A Colorado sporting goods store is closing after it boycotted Nike merchandise from its sales floor in response to the brand's ad campaign featuring former San Francisco 49ers quarterback Colin Kaepernick.

Colin Kaepernick is the new face of Nike.(Nike) Colin Kaepernick is the new face of Nike.

Prime Time Sports, located inside the Chapel Hills Mall in Colorado Springs, began slashing prices for Nike merchandise after Kaepernick became the face for the brand's 30th anniversary "Just Do It" campaign in September, Colorado Springs radio station KRDO reported.

At the time, the store featured a large sign on its window that read, "All Nike 1/3 Price" and "Still Choosing to Stand, Just Doing It," demonstrating against Kaepernick's initiative to kneel as the national anthem was played at the start of NFL games during the 2016 season to protest police brutality, according to the radio station.

On Monday, owner Stephen Martin posted on Facebook announcing a closeout sale with all merchandise marked 40 percent off.

"Thank You for 21 mostly good years," Martin wrote. "For everybody that has offered help and support through the "Honor The Flag" memorial wall and NIKE boycott, now is your time to help me liquidate."

Martin told KRDO that growth in online shopping reduced sales and he can no longer afford the rent, adding that seven of his competitors have also closed in the past seven years.

The store owner also admitted that taking a stand on certain issues might have contributed to his dwindling sales. In addition to his Nike protest, Martin had canceled an autograph signing for Denver Broncos linebacker Brandon Marshall after he kneeled during the national anthem.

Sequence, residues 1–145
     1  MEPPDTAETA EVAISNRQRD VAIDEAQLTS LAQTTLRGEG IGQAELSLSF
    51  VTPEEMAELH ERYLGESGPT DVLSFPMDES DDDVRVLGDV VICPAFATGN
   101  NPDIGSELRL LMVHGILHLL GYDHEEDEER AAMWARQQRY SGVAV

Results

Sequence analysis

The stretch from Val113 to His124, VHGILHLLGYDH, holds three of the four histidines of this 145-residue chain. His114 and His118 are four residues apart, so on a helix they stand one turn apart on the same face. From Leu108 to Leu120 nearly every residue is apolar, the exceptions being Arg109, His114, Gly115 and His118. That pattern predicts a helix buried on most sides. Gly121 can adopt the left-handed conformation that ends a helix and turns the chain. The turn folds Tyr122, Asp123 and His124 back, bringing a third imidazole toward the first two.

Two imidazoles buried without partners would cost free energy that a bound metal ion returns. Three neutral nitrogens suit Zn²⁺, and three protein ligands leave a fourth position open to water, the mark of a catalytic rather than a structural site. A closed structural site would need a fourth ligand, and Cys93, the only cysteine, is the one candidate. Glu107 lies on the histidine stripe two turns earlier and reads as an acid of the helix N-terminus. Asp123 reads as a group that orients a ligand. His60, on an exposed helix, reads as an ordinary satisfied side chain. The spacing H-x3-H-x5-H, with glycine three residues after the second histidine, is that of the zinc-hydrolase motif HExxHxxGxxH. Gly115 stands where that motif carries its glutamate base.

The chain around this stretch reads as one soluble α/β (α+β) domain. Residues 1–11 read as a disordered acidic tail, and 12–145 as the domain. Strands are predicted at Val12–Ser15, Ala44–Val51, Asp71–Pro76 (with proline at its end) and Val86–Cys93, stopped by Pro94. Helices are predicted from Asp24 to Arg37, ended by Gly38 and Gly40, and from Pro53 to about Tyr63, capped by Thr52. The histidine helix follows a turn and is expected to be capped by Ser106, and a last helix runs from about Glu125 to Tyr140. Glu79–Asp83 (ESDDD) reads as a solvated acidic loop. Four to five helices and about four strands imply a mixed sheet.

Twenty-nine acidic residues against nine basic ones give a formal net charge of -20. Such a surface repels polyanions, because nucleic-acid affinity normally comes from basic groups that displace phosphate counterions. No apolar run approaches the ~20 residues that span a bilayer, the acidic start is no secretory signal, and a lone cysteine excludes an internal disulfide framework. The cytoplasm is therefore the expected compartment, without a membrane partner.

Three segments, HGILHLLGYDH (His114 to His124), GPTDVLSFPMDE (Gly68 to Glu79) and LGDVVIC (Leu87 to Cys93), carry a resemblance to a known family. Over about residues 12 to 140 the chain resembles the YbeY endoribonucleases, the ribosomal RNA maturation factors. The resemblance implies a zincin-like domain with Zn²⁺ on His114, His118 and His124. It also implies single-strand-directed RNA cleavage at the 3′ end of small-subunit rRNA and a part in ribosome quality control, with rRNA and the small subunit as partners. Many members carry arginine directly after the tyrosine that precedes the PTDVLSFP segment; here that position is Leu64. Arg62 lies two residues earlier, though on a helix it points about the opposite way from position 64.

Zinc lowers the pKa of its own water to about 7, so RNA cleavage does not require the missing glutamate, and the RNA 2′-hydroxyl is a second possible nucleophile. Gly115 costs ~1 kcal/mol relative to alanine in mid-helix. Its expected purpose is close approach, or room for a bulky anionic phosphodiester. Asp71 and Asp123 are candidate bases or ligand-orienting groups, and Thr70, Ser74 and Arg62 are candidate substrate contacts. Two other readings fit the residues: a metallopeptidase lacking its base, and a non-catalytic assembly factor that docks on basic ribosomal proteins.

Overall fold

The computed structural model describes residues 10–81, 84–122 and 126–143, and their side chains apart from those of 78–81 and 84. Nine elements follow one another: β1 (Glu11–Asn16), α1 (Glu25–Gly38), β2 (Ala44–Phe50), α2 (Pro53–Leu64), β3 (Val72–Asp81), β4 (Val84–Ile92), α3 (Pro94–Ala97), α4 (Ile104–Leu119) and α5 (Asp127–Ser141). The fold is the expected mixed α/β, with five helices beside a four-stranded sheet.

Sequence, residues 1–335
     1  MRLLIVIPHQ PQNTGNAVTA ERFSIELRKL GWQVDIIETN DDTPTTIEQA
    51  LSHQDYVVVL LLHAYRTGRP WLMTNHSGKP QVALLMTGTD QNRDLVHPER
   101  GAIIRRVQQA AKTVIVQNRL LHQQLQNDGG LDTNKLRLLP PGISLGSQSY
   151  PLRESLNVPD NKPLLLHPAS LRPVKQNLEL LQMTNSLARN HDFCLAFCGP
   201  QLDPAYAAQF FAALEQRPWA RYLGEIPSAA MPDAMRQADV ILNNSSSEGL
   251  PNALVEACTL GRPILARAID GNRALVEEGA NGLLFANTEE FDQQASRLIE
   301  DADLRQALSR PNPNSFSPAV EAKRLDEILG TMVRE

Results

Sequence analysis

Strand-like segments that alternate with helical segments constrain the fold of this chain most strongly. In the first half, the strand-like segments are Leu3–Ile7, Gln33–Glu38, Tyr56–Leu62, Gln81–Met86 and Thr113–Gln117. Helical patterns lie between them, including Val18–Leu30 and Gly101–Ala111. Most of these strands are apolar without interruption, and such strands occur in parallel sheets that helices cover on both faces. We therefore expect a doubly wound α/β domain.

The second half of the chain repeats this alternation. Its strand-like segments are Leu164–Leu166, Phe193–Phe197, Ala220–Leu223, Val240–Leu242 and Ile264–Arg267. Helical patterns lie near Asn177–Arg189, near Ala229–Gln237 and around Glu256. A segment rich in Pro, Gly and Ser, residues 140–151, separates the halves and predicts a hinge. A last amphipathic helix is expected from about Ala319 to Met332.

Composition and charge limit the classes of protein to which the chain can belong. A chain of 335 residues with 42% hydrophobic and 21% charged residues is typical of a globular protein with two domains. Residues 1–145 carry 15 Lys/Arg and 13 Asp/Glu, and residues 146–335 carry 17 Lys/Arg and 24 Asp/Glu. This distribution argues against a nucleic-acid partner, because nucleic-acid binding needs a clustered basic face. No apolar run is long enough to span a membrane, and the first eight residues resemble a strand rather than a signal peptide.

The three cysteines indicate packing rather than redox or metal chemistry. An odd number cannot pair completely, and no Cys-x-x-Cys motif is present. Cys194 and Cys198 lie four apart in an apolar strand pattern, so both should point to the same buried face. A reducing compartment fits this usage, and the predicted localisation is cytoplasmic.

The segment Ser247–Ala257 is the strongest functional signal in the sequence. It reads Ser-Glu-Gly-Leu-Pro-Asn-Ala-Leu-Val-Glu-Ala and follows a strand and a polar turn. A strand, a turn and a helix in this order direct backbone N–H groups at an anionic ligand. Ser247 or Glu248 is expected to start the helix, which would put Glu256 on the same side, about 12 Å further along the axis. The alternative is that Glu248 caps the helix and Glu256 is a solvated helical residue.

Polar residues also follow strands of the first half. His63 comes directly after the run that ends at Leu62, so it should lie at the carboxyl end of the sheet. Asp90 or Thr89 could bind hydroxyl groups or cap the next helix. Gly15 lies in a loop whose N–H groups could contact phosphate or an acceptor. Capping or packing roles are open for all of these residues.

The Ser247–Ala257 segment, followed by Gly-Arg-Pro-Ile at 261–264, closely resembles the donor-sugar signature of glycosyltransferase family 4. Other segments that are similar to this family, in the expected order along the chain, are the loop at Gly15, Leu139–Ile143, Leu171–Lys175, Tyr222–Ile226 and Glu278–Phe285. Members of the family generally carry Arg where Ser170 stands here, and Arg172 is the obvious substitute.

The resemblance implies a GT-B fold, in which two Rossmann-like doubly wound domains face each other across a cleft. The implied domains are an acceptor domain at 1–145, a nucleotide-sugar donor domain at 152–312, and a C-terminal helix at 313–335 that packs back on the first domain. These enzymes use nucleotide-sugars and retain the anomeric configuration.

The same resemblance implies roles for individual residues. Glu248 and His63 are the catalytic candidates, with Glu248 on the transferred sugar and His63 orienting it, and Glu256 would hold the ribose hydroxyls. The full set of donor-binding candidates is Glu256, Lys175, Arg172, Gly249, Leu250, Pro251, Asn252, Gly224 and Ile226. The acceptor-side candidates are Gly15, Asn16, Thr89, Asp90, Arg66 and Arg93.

Brandon Marshall (54) of the Denver Broncos kneels as Shane Ray (56) puts his hand on his shoulder for the National Anthem during the first quarter, Oct. 24, 2016.(Joe Amon/The Denver Post via Getty Images) Brandon Marshall (54) of the Denver Broncos kneels as Shane Ray (56) puts his hand on his shoulder for the National Anthem during the first quarter, Oct. 24, 2016.

Martin defended the stance he took, describing it as a "business decision." But, many of his customers did not take kindly to the politically charged position.

"People were wanting their money back," he said. "They were threatening to never shop at the store again."

Martin said that while he understands the message behind the protests, he finds the way in which they are carried out disrespectful.

"When you disrespect the national anthem, you just anger people who respect it, fought for it and died for it," he told the radio station. "The message just gets clouded. I wish they had found a better way."

Martin expects to sell his store's stock in the next month, KRDO reported.

The store owner did not immediately respond to ABC News' request for comment.